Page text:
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A wellbeing approach to retain, attract employees

Employee wellbeing is about more than just physiological or psychological health — employee wellbeing extends into both happiness and job satisfaction as well. This can include employee relationships with colleagues, the use of tools and resources, larger business decisions that impact them and their work, and many other factors.

In business terms, securing employee wellbeing can translate to the following:

1. More productivity: Employee wellbeing boosts productivity and performance. When feeling well, employees display healthier behaviours and better decision-making.

2. Higher employee morale: Employees feel more competent and valued when their needs are met at all levels, including physical, mental, emotional and financial.

3. Better talent: When your company has a good reputation in the market as an employer that respects and supports work-life balance, you're more likely to attract skilled candidates and retain your existing employees for longer periods of time.

4. Improved Client or Customer Relationship Management: Happy employees are your best brand ambassadors. If you treat them well, then that positive energy will pass on to your customers and others within your community. Those employees will also be extremely motivated in understanding how your products and services will best serve customer needs.

A recent Gallup report showed that 76 percent of employees have admitted experiencing symptoms of job burnout. As an employer, what are you doing to help prevent an issue like burnout from occurring in your business?

The following are some simple steps that businesses can put in place to safeguard employee wellbeing:

• Bridging the Gap

There seems to be one outstanding factor in a successful employee wellbeing programme: having a work culture that prioritises wellbeing. In short, this means that if you provide your people a workplace where wellbeing is valued as much as performance, their stress levels will probably decrease.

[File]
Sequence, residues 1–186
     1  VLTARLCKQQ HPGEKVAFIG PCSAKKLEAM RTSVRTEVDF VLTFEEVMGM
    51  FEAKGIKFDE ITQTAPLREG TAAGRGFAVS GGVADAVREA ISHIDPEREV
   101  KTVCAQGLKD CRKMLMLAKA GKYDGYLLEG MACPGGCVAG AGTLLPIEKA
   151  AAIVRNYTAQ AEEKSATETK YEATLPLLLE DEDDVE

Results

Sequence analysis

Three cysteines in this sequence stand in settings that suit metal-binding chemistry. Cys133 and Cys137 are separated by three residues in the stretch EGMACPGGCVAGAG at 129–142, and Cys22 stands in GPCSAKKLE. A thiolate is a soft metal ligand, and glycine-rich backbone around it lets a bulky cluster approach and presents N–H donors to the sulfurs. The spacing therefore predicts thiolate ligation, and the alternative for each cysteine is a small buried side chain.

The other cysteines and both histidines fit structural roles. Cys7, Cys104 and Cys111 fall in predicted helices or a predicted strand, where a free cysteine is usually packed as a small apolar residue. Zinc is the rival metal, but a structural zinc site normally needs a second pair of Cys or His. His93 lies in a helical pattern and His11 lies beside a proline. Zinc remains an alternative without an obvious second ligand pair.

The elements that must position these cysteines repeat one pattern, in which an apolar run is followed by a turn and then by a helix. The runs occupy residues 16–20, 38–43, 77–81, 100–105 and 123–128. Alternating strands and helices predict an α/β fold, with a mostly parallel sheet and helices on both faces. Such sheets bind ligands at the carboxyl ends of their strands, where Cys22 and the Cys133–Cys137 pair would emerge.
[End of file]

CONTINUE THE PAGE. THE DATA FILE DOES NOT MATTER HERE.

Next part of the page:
• Preventing vs Reacting

With everything going on with our world today, in some cases your people are likely to have not taken the usual breaks away from work that they would have normally done in the past. However, it is still important to prioritise rest. Have a discussion with your employees and come up with a plan together on how taking regular breaks away from work can be a mutually beneficial option for both parties.

• Encouraging People to Care for Each Other

This can include anything that brings people together in a pleasant and meaningful context — ranging from holidays or volunteering in the local community through to events that celebrate employee tenure or shared successes such as product launches — all in all this helps to build both a sense of common identity and strengthens social bonds with one another.

Giving people more control over their work life and providing them with social support fosters higher levels of physical and mental health. A culture of social support also reinforces for employees that they are valued, and thus helps in a company's efforts to attract and retain people.

■ Gemma is an HR consultant and employment specialist in BDO Gisborne's People & Performance team.

Gemma Hogg

  1. Stuart Moriarty-Patten says:

    These “how to make your employees feel good at work” never ever mention pay. It makes me suspect that they are just about getting more out of your employee without sharing the rewards. A well-paid employee is less likely to leave. An employee who is able to afford somewhere decent to live, or doesn’t have to worry about paying bills, is certainly going to be a happier person at work. My guess is that in reality the thinking behind this kind of advice is all about keeping profits healthy more than the employees.